The city’s commitment to sustainability is also apparent in the meetings infrastructure. It’s worth noting that Montréal’s Palais de congrés has achieved the environmental BOMA BEST certification, and in 2022 the new Réseau Express Metropolitan (REM) light rail system will even extend to the international airport. For planners and delegates alike the opportunity exists to minimise their carbon footprint.

The province, specifically Montréal, is also home to the Sustainable Finance Summit. The high profile event, supported by more than 20 of the city’s biggest financial players, held its inaugural event in 2021 to huge success, despite the challenging circumstances, and will returning in May 2022, again fielding an speaker schedule with some of the industry’s biggest names. It’s just one of many high-profile events that the province hosts and, for meeting planners wishing to ensure sustainability runs through every aspect of their events.

Opposite coasts, same aim

They may be on opposite sides of the country, but in the F&I arena Toronto and Vancouver share many similarities. Both are major sector hubs. Toronto is Canada’s largest finance hub and is one of the biggest players in North America. Meanwhile Vancouver has been a top 25 Global Financial Centre for over a decade and is developing an important niche in international treasury and financial functions.

Credit: Destination Toronto

Both cities also share a forward-thinking approach, both in terms of sector innovation and a sustainable approach to the industry.

In Toronto, academia is working with industry to build a more sustainable approach to finance. Rotman School of Management, part of the University of Toronto’s business school, has established itself as a thought leader in the sustainable finance space. Additionally, Toronto was the first government in Canada to establish a Social Debenture Program, furthering its leadership in sustainable finance, and prompting positive and equitable socioeconomic outcomes. Eligible projects are capital projects for various social initiatives, including social and affordable housing; affordable basic infrastructure (access to clean drinking water, sewage and sanitation systems and transit); access to essential services (long-term care, senior services, and emergency shelters) and socioeconomic advancement and empowerment (public libraries and community hubs). The 2020 initiative followed on from Toronto’s Green Debenture Program two years earlier, with net proceeds to finance capital projects that mitigate, and adapt to, the effects of climate change.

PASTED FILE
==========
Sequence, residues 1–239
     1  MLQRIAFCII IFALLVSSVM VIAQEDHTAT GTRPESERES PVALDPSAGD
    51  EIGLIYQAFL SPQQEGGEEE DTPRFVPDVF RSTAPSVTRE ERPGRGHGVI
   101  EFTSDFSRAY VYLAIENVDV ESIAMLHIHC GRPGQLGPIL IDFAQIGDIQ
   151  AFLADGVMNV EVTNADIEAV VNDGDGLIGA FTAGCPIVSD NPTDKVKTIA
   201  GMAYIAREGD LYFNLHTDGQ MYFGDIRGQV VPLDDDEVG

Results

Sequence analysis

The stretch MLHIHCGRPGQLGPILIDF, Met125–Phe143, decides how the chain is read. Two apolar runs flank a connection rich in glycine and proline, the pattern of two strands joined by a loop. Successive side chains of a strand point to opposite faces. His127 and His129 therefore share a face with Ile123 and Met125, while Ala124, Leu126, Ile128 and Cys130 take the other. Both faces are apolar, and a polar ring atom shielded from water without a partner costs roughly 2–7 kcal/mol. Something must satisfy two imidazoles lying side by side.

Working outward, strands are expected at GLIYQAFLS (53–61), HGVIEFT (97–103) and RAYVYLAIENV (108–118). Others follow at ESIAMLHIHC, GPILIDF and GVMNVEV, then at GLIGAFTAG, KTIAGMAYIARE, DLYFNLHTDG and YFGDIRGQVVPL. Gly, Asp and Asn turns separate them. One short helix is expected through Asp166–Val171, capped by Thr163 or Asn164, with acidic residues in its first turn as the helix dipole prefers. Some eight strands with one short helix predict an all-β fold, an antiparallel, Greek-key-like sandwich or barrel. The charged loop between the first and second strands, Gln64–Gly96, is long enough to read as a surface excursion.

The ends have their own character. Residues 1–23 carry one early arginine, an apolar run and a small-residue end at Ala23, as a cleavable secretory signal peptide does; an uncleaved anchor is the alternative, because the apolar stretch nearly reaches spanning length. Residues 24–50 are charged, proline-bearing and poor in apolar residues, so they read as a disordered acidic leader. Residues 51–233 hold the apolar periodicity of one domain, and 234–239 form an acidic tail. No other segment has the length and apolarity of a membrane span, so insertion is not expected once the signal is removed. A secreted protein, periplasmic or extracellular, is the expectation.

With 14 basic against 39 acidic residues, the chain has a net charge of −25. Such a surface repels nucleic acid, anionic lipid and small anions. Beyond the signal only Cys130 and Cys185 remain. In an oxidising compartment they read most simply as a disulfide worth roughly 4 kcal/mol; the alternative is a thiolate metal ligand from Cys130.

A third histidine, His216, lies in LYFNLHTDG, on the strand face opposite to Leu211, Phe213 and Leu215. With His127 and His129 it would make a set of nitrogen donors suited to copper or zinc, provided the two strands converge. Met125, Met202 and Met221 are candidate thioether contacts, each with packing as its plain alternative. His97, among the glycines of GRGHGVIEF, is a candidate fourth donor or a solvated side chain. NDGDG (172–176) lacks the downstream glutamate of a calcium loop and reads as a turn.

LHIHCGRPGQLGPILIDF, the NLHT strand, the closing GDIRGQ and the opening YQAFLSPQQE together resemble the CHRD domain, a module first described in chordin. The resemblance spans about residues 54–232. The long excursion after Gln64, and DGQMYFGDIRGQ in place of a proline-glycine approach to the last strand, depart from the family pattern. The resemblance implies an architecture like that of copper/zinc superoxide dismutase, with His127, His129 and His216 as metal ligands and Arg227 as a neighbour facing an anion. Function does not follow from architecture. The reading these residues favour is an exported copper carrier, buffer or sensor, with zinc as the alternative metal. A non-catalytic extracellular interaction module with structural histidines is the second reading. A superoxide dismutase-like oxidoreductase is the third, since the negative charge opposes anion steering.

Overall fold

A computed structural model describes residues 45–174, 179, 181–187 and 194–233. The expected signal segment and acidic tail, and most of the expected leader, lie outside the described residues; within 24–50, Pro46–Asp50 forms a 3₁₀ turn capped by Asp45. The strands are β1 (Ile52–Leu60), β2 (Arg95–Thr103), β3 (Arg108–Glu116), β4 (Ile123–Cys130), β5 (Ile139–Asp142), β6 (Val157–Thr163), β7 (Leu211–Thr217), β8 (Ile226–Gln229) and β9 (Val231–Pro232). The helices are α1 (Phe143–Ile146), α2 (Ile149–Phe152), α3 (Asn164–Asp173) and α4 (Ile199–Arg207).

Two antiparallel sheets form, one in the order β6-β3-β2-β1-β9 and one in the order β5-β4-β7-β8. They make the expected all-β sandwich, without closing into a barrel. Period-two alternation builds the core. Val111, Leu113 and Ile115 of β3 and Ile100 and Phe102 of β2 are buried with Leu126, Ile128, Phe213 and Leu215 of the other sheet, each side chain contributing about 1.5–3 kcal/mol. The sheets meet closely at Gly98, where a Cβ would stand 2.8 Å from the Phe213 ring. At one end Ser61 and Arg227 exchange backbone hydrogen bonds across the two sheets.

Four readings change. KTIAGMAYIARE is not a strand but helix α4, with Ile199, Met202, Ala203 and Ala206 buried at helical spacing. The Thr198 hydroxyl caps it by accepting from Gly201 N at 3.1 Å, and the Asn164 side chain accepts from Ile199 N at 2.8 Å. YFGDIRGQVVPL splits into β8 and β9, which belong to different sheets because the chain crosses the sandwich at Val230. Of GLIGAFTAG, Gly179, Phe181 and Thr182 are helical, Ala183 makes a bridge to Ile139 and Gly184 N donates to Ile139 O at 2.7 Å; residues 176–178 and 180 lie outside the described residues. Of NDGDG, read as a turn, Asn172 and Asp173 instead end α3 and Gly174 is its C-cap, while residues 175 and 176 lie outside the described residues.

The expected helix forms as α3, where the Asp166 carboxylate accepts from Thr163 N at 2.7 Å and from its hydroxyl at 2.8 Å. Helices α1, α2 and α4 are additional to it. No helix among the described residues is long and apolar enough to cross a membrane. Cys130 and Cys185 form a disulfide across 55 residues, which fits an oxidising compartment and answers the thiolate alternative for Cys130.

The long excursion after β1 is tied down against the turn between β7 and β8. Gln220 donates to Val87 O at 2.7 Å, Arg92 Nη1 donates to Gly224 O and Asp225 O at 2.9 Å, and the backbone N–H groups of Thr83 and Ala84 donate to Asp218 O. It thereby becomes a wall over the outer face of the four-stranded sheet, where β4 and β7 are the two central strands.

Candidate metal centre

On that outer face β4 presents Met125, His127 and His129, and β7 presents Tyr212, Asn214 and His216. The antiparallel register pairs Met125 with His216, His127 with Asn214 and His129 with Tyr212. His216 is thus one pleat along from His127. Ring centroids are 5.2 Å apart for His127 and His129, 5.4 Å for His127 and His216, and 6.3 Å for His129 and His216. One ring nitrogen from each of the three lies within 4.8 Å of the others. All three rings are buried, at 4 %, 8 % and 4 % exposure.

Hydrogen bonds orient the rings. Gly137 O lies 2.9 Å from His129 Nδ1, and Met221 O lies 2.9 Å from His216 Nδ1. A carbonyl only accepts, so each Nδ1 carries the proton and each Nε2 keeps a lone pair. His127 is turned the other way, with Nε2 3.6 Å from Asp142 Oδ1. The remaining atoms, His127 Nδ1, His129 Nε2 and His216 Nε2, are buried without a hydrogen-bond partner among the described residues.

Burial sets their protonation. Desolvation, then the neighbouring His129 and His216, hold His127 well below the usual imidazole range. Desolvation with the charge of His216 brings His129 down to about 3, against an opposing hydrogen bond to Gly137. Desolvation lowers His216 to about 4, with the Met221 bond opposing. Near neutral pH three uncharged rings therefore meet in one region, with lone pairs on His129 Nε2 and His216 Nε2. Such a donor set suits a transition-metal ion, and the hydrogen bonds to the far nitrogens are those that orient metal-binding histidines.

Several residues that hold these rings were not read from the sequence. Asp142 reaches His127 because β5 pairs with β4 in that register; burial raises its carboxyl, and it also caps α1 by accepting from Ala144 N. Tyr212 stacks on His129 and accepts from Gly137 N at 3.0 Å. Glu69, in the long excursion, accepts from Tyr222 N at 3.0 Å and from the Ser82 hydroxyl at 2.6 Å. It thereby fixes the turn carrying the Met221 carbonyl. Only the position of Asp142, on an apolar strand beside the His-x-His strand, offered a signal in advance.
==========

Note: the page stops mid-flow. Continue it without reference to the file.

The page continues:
Similarly, Vancouver recently launched first $100m sustainability bond, unsurprising, as the province which is home to Greenpeace is a pioneer of ethical and sustainable investing. The fund supports and invests in carefully selected projects, while offering investors competitive returns. This is the first sustainability bond issued by any Canadian government entity and the investment community responded positively, with the initiative being over-subscribed by 400%.